The tension between the narrative and the gameplay caused some to view contradiction as the game’s defining feature.  Carlo Barbara described the game as a near-impossible balancing act between often-opposing influences. And even while arguing that GTA IV was the game of the year, Wes Erdelack nonetheless acknowledged, “GTA IV is less than the sum of its parts. It contradicts itself; it contains multitudes.

Full of sound and fury, signifying bullets

Opinions remain divided on whether the story being told warranted the sacrifice of the series’ historical gameplay traits. Trent Polack praised the game’s slow start, because it makes the first real shootout feel like the game-changer that it is. In his view, however, the effort to ratchet up the tension late in the game led to what he called “an uninteresting and nonsensical mafioso finale.” Duncan Fyfe argued that the game fell to pieces as it became more involved in the crime, that the real tragedy of GTA IV was that Rockstar abandoned an interesting story about immigrants for a ludicrous one about criminals. Bidisha, writing for The Observer, dismissed the whole as “bad guy-on-guy thug porn,” and Tom Chick identified the writing as one of the game’s great weaknesses because it eventually sank into stock gangster plots and lowbrow satire. Chuck Jordan felt even that fell flat: “I would appreciate seeing something that genuinely offended me,” he wrote, “as it is, I’m just kind of bored and annoyed.”

The mechanics of the plot also came in for some critique. Justin Keverne, among many others, pointed out that one key motivation of the story – Niko’s need for money – falls apart late in the game, when you’re likely to have hundreds of thousands of dollars. I personally contended that Rockstar were too willing to disregard common sense and character motivation in service of whatever would justify the cutscenes and set pieces they wanted to make.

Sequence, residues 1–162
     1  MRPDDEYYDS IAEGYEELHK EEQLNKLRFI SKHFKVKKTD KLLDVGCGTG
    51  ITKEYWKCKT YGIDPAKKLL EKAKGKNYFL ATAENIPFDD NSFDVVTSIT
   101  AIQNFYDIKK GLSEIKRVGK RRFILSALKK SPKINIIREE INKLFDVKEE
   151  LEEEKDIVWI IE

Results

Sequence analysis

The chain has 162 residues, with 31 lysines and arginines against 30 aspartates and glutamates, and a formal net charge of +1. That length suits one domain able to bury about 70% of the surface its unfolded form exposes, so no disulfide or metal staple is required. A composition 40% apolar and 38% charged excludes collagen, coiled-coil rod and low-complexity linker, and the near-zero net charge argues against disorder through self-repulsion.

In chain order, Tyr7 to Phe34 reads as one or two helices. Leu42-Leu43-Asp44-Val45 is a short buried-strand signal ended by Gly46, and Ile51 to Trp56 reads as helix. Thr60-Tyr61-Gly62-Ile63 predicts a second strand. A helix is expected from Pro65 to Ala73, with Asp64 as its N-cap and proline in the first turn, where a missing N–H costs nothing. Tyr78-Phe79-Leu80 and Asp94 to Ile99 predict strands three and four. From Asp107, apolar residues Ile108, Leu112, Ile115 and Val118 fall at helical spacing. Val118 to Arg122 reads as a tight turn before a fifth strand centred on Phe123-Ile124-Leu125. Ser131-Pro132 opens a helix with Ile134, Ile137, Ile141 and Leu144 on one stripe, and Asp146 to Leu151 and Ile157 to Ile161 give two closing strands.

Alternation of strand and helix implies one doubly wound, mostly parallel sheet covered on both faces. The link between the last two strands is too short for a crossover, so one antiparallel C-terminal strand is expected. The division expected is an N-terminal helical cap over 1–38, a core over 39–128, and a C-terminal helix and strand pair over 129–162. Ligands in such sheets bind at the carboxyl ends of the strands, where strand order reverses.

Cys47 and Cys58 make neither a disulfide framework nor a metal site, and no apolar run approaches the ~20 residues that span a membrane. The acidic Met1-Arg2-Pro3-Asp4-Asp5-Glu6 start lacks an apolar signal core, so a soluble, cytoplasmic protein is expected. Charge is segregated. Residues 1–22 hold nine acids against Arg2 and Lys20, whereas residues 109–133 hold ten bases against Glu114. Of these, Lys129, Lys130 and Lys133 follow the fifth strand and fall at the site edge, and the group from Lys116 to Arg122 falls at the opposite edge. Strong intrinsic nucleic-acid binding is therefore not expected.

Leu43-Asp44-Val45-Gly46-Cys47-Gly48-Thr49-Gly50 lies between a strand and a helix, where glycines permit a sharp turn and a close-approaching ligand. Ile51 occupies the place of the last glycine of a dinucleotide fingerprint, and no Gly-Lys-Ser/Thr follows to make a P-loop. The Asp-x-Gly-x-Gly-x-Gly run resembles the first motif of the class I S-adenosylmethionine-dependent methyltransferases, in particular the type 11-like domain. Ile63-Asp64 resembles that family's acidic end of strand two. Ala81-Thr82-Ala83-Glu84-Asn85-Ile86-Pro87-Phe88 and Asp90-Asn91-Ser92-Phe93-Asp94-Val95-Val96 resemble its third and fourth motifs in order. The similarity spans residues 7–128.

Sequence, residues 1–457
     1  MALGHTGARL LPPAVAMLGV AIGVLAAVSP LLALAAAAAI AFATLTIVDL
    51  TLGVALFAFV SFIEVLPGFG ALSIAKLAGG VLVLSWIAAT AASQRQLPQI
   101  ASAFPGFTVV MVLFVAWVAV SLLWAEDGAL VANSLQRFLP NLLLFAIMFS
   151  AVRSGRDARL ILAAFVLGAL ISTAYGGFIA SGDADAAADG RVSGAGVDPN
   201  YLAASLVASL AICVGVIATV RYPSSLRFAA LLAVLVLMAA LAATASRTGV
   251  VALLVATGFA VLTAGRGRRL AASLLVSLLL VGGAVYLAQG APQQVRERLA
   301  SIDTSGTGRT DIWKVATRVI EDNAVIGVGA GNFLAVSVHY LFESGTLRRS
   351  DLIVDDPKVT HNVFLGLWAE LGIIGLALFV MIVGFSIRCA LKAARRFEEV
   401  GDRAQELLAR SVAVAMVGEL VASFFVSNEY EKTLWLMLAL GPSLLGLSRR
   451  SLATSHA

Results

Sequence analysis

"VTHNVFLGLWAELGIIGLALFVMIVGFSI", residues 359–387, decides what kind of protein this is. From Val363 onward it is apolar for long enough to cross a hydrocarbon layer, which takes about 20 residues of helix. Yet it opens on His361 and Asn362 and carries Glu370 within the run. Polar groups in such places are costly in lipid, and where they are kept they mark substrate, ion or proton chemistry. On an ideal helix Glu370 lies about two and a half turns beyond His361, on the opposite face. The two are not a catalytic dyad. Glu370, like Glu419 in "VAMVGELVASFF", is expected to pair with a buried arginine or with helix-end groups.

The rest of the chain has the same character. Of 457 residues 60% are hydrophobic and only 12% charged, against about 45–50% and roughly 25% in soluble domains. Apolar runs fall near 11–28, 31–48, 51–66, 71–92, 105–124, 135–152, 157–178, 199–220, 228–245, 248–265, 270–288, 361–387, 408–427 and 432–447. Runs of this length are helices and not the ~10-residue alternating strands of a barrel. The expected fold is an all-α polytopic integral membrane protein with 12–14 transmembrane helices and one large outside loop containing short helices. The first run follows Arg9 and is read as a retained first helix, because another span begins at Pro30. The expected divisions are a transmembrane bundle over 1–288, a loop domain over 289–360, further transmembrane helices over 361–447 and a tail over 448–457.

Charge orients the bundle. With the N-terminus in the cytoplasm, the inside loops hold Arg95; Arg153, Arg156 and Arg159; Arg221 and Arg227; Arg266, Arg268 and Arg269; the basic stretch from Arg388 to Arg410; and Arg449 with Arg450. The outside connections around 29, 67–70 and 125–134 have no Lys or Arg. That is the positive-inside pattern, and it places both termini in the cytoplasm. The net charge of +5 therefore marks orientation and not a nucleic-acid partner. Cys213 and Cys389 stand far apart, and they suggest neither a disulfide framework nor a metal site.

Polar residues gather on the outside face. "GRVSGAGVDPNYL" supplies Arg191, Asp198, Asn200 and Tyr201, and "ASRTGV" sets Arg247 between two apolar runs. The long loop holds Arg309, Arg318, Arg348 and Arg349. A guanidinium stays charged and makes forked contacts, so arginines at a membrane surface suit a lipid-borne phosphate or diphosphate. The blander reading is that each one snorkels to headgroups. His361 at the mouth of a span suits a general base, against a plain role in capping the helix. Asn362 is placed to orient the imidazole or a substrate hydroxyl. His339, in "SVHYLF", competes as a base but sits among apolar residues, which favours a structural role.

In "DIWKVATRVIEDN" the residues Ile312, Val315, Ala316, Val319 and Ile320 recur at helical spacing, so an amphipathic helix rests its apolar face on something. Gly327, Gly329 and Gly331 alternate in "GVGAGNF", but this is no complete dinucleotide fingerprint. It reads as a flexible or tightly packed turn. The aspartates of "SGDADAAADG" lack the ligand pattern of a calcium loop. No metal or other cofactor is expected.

Many who didn’t care for the direction of the plot nonetheless loved the game’s characters. Blogger dvader654 thought that the supporting cast, particularly early in the game, were colorful, unique, and engaging. He was disappointed that the game later largely discarded them in favor of colorless stock mafiosi. Pixelvixen, herself a fictional construct, felt Dwayne Forge was one of the best supporting characters of 2008. Daniel Purvis felt that the characters of The Lost & the Damned were even more realistic and intriguing. Wes Erdelack argued that the power of the supporting cast  derives from Rockstar’s skill at writing convincing human interactions. But the positive opinion of the cast was not universal. Tom Chick quit The Lost & the Damned because its characters were mainly brutal, simplistic thugs. Tom Cross gave up on the main game because he found its characters to universally fit horrible racist or sexist stereotypes.

Those who did make it to the end found a surprisingly subdued conclusion. No matter what choices Niko makes during the course of the game, he loses someone important to him, and gains nothing from his act of revenge. As blogger yamster points out, the friendship system allows you to create Niko Bellic’s character to some extent, but the story then forces you to destroy whom you have created. In a world full of power fantasies that end in glorious triumph, maybe GTA IV‘s most redeeming feature is that it doesn’t grant its chief thug a happy ending.

It’s a wanted level, not a karma level

Given the popular perception and gameplay reality of the series, perhaps it’s a bit odd to examine the role of morality in GTA IV. After all, this game belongs to a group of crime sims that take the murder of policemen too casually, as Matthew Kaplan points out. Leigh Alexander reported that some New Yorkers, angry over the Sean Bell murder, were interested in the game for precisely that reason. Here you have a game in which, infamously, you can hire a prostitute, then kill her to get your money back. GTA IV doesn’t punish you for that behavior, or move you one notch up or down on a good/evil scale. As Josh Birk says, “You can bring your ethics to the table if you want, but they’re just your ethics and the game doesn’t really give a damn.”